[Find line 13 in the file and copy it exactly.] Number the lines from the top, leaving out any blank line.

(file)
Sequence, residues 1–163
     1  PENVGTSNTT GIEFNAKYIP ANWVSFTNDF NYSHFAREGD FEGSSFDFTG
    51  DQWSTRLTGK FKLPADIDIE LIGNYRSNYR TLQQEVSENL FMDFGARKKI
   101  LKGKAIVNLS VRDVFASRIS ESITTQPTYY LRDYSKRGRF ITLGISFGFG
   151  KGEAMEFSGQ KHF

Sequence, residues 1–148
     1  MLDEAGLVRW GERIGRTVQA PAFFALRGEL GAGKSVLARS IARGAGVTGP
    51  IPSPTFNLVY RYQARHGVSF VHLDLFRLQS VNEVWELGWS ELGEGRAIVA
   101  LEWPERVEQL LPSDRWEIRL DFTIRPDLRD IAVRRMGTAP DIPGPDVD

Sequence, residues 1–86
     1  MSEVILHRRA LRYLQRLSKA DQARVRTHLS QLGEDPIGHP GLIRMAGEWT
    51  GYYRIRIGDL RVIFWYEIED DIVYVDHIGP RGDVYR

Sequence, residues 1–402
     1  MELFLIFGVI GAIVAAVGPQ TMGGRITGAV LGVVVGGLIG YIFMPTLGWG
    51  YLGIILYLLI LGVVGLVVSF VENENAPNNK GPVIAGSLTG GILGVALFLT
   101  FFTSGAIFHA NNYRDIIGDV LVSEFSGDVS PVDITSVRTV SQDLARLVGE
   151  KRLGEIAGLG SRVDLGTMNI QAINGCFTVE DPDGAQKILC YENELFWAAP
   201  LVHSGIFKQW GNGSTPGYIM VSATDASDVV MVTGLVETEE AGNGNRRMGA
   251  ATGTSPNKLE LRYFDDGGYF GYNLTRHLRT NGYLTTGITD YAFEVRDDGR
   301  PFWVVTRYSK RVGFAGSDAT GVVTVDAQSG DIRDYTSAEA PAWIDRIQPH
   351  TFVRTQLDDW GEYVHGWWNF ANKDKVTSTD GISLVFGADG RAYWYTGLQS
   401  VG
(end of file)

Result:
Sequence, residues 1–402